Eric Adams, Maya Wiley and Scott Stringer also arrived with a lot of noise. The Adams campaign has big speakers mounted on a pickup truck that boom music from across the street and drown out pretty much everything else. He also has a drum line.
The Democratic primary for New York City mayor is on Tuesday, June 22nd, but it could be a while before voters know the winner.
By the end of polling night, New Yorkers should know which candidate is in first place among the votes cast that day and in the early poll. But the postal vote isn’t due for another week, and voters have time to “heal” any problems that arise – experts say New Yorkers won’t know the final results until the week of July 12th.
There is also a new fold this year: For the first time, the city is relying on rankings for a mayor’s race.
If a candidate does not initially achieve more than 50 percent of the votes, the ranking list comes into play. The last-placed candidate will be eliminated in a series of rounds, with that candidate’s votes being allocated to the candidate his followers will place next. There are 13 candidates on the ballot and the rounds continue until only two remain, with the winner being the one who gets the majority of the votes.
The electoral board plans to conduct the leaderboard selection once a week while absentee votes are counted to further extend the time until a winner is announced.
In ranking votes in other cities, the candidate who was ahead in the first ballot usually prevailed. There were exceptions, however, including the 2010 mayoral election in Oakland, California, in which Jean Quan won despite finishing second in the first ballot.
The Republican mayor area code is easier. There are two candidates – Curtis Sliwa, the founder of the Guardian Angels, and Fernando Mateo, an entrepreneur – and we should know the winner on election day.
The general election is on November 2nd.
Dianne Morales greeted her supporters, whose ranks are much smaller and more subdued than some of the other candidates here. She said she plans to continue to focus on “the lived experiences of real New Yorkers” tonight.
One of the candidates, Shaun Donovan, came here a few minutes ago and greeted his supporters, who responded with chants of “Go, Shaun, Go”. Ray McGuire next showed up when the fans shouted “Ray for Mayor”.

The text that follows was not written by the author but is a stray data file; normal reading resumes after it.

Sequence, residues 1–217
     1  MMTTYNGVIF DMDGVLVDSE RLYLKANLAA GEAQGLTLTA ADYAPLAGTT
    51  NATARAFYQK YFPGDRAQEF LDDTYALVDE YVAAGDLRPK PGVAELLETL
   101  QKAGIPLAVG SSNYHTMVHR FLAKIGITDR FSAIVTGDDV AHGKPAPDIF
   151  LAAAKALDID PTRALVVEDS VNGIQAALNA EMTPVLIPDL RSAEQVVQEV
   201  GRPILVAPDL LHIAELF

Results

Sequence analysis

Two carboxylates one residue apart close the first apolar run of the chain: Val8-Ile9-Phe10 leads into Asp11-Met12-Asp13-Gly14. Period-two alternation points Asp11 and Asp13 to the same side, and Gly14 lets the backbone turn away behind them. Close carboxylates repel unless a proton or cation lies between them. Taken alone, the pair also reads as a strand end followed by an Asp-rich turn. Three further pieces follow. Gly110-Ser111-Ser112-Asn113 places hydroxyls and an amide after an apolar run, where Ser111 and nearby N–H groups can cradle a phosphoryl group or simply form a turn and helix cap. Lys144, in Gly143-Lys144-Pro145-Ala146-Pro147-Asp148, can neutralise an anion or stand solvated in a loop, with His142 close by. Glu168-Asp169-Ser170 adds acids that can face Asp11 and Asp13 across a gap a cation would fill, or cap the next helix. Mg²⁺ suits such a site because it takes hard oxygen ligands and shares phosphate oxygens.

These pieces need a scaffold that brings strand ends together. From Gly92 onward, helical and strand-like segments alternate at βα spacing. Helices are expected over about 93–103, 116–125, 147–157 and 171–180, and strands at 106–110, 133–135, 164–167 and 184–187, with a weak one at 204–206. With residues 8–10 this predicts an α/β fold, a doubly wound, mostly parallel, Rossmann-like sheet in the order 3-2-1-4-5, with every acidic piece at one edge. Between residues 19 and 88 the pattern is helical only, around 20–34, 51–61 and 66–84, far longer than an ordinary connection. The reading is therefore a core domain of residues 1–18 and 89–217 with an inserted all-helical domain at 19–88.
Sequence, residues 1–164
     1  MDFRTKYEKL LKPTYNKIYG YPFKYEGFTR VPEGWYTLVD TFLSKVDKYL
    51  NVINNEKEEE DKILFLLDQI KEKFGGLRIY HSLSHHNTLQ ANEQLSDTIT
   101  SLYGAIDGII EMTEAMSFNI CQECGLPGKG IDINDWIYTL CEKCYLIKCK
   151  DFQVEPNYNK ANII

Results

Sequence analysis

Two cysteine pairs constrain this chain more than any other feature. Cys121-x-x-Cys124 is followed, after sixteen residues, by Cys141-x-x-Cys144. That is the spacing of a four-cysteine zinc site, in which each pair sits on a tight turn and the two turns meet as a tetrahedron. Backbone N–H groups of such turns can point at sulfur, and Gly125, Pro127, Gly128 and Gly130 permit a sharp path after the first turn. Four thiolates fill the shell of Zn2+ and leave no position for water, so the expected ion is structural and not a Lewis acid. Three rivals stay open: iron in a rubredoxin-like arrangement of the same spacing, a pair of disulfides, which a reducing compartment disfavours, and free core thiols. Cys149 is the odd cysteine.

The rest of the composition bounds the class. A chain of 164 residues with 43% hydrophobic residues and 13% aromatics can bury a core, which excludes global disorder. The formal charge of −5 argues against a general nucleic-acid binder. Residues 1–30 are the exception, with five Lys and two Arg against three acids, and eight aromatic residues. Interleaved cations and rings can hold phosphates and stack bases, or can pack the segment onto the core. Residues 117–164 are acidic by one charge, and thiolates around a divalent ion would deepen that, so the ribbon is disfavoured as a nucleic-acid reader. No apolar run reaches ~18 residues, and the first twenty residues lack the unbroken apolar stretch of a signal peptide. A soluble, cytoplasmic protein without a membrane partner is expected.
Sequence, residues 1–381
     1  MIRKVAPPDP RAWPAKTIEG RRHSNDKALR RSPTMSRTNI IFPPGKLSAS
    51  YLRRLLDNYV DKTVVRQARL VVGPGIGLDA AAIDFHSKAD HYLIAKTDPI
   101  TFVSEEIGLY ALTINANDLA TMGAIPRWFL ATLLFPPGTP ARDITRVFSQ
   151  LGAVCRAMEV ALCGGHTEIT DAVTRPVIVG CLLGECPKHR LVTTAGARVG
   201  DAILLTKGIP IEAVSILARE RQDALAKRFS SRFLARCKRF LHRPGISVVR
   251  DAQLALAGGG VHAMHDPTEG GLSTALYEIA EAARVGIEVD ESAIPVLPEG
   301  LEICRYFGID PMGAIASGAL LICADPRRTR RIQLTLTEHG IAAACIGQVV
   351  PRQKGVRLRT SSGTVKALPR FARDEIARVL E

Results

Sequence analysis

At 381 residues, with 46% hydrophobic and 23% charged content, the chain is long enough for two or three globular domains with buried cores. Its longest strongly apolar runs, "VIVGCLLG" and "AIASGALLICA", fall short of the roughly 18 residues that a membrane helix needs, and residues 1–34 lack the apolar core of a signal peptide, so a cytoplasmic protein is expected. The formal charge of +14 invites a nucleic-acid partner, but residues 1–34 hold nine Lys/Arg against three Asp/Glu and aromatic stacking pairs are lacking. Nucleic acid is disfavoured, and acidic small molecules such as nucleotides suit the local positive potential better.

Hi, I’m Mihir Zaveri from The New York Times, in front of the WNBC television studios in Rockefeller Center, which has a loud scene long before the debate is scheduled to start at 7 p.m. Supporters of each candidate are gathered outside, playing music, singing and holding signs. The Candidates are expected to arrive shortly.
Six days before the Democratic primary, which will almost certainly determine the next New York City mayor, the contest seems highly unpredictable, although two clear lines of candidates – and one apparent front runner – have emerged.
Brooklyn borough president Eric Adams is widely viewed as the front runner in the running, with strong support among black voters and a public safety-focused message that appears to have resonated across much of the city.
But party strategists, advisors on a number of campaigns, and polls all suggest that at least three other candidates are also top candidates: Kathryn Garcia, a former hygiene officer; Maya D. Wiley, a former attorney for Mayor Bill de Blasio; and Andrew Yang, a former presidential candidate.
In the debate tonight, Raymond J. McGuire, a former Citi executive; Scott M. Stringer, the city’s auditor; Shaun Donovan, a former federal building minister; and Dianne Morales, a former non-profit executive, are also expected on stage and could achieve standout moments.
The fluid nature of the competition comes with uncertainties about how the ranked election will affect outcome, as well as major questions about what voters will ultimately look like in a June primary after a pandemic.
The closing debate can be the last big chance for candidates to break out or rearrange the race.
The closing debate among the leading Democratic candidates for New York City mayor will take place on Wednesday evening from 7:00 p.m. to 9:00 p.m.
After last week’s debate, which saw only five of the top contenders appearing, eight contestants will return to the stage: Eric Adams, Shaun Donovan, Kathryn Garcia, Raymond J. McGuire, Dianne Morales, Scott M. Stringer, Maya Wiley and Andrew Yang.
The event is happening because around 64,000 New Yorkers have already cast their votes since the early voting began on Saturday. Limited polls available suggest that the race has developed around a few candidates, but it also shows that some voters are undecided.
It will be the last high-profile opportunity for voters to hear candidates discuss their policies and visions of recovery ahead of the June 22nd primary.
Here are some of the ways you can watch and keep track of the debate:
New York Times reporters will provide commentary and analysis throughout the debate.
The first hour of the debate will be televised on WNBC. The full event will be available on NBC’s streaming platforms and on the network’s channels on Apple TV and Roku.
A Spanish-language program from the very beginning will be shown on Telemundo (channel 47). The entire debate will be broadcast on the network’s website.
NYC Life TV will broadcast both hours of the debate on Channel 25.1.
Other streams are often available on YouTube.
An earlier version of this article stated that the New York Times website would be broadcasting a live stream of the fourth Democratic Debate. It will not.